The largely unregulated bleaching cream industry in Nigeria touted to be a money spinner may face a new regime of restrictions if submissions from dermatologists in the country sail through.
The new move to regulate the industry potentially spells worry for bleaching cream experts such as Pela Okiemute, Idris Okuneye aka Bobrisky (who has made money and fame selling bleaching agents) and popular radio personality Toke Makinwa, who once confessed that she had to bleach her skin to suit her ex-hubby, Maje Ayida.
A law seeking to regulate the manufacturing and use of bleaching cream is being mooted by medical doctors under the aegis of the Nigerian Association of Dermatologists.
The group even went further to reveal that they have begun the process of meeting with some lawmakers at the National Assembly in order to formulate such a law.
That much was revealed during a press conference held in commemoration of the World Skin Health Day in Abuja, by the Chairman of the Abuja Dermatology Society, Dr. Mohammed Danmallam, who spoke on behalf of NAD.
He said, “Speaking of legislation, what we are trying to do now is to try to talk to the health committees so that we can see how they can help us in formulating laws and one of the ways to do that is that we are currently conducting an investigation in collaboration with some African countries.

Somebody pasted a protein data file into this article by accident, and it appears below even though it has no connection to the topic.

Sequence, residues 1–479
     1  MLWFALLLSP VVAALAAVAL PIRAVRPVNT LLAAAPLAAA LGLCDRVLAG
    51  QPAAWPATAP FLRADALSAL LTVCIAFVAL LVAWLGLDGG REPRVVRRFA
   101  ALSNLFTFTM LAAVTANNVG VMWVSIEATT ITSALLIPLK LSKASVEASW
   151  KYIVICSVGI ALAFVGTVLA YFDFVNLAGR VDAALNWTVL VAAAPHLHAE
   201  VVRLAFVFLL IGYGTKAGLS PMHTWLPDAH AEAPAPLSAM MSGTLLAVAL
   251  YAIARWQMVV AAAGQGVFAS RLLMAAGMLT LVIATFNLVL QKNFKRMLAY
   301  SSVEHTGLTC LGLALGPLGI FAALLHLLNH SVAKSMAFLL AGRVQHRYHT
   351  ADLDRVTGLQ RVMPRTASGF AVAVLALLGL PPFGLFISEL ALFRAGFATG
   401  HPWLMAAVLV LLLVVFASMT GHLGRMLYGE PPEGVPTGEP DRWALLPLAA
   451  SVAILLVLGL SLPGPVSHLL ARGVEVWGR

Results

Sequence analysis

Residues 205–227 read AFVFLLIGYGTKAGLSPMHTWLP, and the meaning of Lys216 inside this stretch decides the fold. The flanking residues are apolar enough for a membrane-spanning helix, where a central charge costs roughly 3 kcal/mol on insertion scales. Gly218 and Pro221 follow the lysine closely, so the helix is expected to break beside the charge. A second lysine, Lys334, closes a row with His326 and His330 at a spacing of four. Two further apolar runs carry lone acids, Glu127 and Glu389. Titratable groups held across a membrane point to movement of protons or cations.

“We are trying to come out with statistics and facts so that when we sit down with these legislators, we will be able to give them facts that can convince them and so we can move ahead. You will be surprised by the level and number of people and highly placed people that are currently bleaching unnecessarily.”
Danmallam said that there is a need to ban hydroquinone, which is used in the production of bleaching cream, adding, that in the United States, the use of hydroquinone was heavily regulated, but in Nigeria, bleaching agents were abused due to weak regulation of prescription medicine.
“Countries of the world have banned a lot of substances for example, hydroquinone which is the most abused chemical component used in bleaching the skin. It is banned in Europe.
“About two per cent of its use was the limit but now it has been banned completely. It is still allowed in the United States but only based on prescription. Unfortunately, we live in a country where everything is prescription-free.
“As dermatologists, there are conditions we treat. We treat blemishes but we know the dosage, the side effects and when to stop but in our environment, people go out of their way to use it in a manner that is not seen anywhere in the world,” he said.
Danmallam also added that there is no difference between skin toning and bleaching as they both make the skin susceptible to infection and also warned that a lateness in reporting skin damage could lead to irreparable circumstances.
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